The initial investigation was done by a 3D printed circular model film with a dimension of 20 mm radius × 1.21 mm height at different print speeds. The actual mass of the printed CNF was determined after drying at 105 °C for 24 h, as shown in Figure 4a. Based on the theoretical calculation of the volume of the circular model and taking into account the moisture content, the total weight of 3D printed films is closely comparable with casted films, which have been fixed at 0.1 g dry weight basis. The printing profile was fixed at the print speed of 30 mm/s, which was able to attain 0.102 ± 0.014 g. Additionally, the printing parameters were improved by setting the line width at 1.21 mm, build plate temperature at 50 °C, extrusion speed at 3 mm/s, and print speed at 30 mm/s to attain a good printing profile. The volumetric flow rates of CNF and CaCO3, Qv, were measured with the variation of the extrusion speed of the syringe motor, as shown in Figure 4b. Both 7 wt % CNF and CaCO3 demonstrated similar flow rates at the same extrusion speed due to the shear-thinning properties of the liquid that assisted in the smooth extrusion process [43]. Extrusion speed of 3 mm/s was used for the subsequent printing experiments as the flow rate of solution could be controlled through the extrusion speed.
Further study was done on the effect of build plate temperature on the printing line width for CaCO3. A single line of 20 cm length was printed at 30 mm/s on different build plate temperatures to determine the optimum temperature to reduce smearing and evaporation issues. The drying of a thin film is known to cause issues such as contact line pinning, uneven surface tension, and a different pattern of pattern deposition [44]. When a high build plate temperature was used during the printing process, the CNF solution became gel-like due to the loss of water through the evaporation process. The line width printed on the build plate should follow the nozzle size used, which was 1.21 mm, and the temperature of 50 °C, as determined by referring to Figure 4c.
Five different types of adsorption models were printed: CaCO3, CNF, CNF mixture with CaCO3 (CaCO3–CNF–M), CNF laminated with CaCO3 (CaCO3–CNF–L) and CNF double laminated with CaCO3 (CaCO3–CNF–DL). The printing profile was further supported by the morphological structure of the surface and cross-section of the 3D printed samples. As observed in Figure 5a, the CaCO3–CNF–M model shows a good dispersion of CaCO3 particles in the CNF matrix through both the surface and cross-section area. Figure 5b shows that the CaCO3 in CaCO3–CNF–L had been printed on the CNF matrix through the observation of the surface and cross-section and that obvious separation can be observed. The tensile strength of the films was evaluated to determine the influence of mixture and lamination in comparison to the CNF film in the 3D layer by layer deposition. The tensile strength of the mixture and laminated CaCO3 and CNF was evaluated at 63.1 ± 2.1 and 54.13 ± 1.9 MPa, respectively, whereas the CNF film shows higher mechanical properties of the tensile strength and Young’s modulus of 75.15 ± 2.3 and 733.51 ± 7.4 MPa.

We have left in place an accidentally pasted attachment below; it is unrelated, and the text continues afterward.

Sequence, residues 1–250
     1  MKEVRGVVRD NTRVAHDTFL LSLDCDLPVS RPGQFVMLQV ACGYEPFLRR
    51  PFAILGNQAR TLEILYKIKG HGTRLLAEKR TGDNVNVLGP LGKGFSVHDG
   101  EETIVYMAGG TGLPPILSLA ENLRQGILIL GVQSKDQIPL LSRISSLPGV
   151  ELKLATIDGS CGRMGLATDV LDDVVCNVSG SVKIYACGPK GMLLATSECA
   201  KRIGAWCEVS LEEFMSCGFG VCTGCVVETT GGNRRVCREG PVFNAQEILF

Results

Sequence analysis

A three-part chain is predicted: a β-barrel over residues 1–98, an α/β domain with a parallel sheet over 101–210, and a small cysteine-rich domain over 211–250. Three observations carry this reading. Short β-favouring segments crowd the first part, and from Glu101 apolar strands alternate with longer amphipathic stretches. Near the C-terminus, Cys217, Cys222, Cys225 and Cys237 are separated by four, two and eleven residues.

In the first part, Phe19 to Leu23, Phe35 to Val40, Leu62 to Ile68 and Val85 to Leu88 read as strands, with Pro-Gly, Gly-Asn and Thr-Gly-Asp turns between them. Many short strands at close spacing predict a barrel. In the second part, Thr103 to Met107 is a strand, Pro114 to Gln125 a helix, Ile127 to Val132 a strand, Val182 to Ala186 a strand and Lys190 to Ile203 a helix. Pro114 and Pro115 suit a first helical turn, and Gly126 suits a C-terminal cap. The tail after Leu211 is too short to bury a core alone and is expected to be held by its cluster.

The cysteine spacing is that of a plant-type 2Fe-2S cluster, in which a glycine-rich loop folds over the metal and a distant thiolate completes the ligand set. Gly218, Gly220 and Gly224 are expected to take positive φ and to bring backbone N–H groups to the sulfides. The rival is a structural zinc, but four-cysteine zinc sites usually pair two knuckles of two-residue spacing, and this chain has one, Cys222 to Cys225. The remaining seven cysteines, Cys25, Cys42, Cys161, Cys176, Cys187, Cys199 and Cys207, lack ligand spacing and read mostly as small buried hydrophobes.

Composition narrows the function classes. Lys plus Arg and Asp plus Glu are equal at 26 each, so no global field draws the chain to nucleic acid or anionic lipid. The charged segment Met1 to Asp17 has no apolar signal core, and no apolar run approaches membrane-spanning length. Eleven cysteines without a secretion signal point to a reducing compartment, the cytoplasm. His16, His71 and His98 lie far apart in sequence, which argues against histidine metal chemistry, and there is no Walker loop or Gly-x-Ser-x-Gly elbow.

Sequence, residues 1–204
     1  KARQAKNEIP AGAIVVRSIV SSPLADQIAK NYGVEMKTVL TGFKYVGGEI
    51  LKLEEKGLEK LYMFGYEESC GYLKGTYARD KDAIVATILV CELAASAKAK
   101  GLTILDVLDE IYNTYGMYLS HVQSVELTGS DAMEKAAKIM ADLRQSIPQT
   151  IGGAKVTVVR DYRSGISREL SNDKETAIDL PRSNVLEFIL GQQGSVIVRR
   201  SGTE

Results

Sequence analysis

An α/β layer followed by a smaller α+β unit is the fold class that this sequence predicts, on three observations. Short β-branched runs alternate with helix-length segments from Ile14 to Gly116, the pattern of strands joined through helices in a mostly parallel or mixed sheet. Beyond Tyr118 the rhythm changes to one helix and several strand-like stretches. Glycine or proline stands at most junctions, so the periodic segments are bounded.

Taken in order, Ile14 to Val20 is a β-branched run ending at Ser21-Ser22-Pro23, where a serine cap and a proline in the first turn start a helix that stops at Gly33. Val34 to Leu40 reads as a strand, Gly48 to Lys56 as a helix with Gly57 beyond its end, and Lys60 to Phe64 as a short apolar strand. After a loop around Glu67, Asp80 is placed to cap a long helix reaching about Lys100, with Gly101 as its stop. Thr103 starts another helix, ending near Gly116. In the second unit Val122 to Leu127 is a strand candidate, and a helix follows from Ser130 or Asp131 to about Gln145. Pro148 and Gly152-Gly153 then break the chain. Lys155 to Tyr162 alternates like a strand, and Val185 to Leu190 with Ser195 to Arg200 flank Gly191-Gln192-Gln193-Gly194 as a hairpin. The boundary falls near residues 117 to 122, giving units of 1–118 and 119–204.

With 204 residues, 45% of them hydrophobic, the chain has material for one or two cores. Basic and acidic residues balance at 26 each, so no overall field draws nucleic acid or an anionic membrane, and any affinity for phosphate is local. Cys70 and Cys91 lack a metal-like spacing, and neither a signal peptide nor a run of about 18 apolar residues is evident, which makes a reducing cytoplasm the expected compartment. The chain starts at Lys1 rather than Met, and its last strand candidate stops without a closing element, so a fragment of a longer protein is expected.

3.4. Controlled-Release 5-FU

A controlled release of drug profile in 5-FU is beneficial as it minimizes the rapid initial release of drugs and the side effects due to the high toxicity towards cells by 5-FU [45]. The 5-FU release, which was adsorbed at 6 ppm on the selected medium was performed using PBS solution with a pH value of 7.4, which corresponded to the conditions of the small intestine fluid, for 24 h. A previous study performed showed a linear relationship of the Beer-Lambert law [46]. The controlled release profile was studied using one-way ANOVA (see Table S1, p < 0.05) for CaCO3, CNF, CNF mixture with CaCO3 (CaCO3–CNF–M), CNF laminated with CaCO3 (CaCO3–CNF–L) and CNF double laminated with CaCO3 (CaCO3–CNF–DL). The statistical analysis was simplified as shown in Table 2 and interpreted in Figure 6. The kinetics data observed at the 4th hour for CaCO3–CNF–M and CaCO3–CNF–DL have the same group due to the slowing down of the burst release, while CaCO3–CNF-DL has the same group as CaCO3–CNF–M and CaCO3–CNF–L at the 20th and 23rd hour due to the staged drug release caused by the CNF layer covering the first layer of CaCO3 after the 13th hour.
As compared to the casted films of CNF, CaCO3 and CaCO3–CNF, shown previously in Table 1, the uptake and release behavior is significantly lower compared to the 3D printed version. The distinct adsorption-desorption phenomena between two techniques could be due to the random arrangement of the pores, whereby more pits are observed on the casted film and the pore structure are not in an orderly manner [47]. As shown in Figure 6, all the medium released performed the initial burst release within the first 2 h at 8.86% to 46.83% because 5-FU uptake was localized at the surface or the cross-section of the samples [48]. After the subsequent hours, the release of the drug decreased significantly for all samples except for CaCO3 as the nanocellulose lowered the surface area and controlled the diffusion process of the drug to the solution. CaCO3–CNF–L showed a higher release of 5-FU at 88.57% compared to CaCO3–CNF–M at 82.01% at equilibrium due to a higher surface area of exposed CaCO3, thus facilitating in a higher release of 5-FU compared to CaCO3–CNF–M.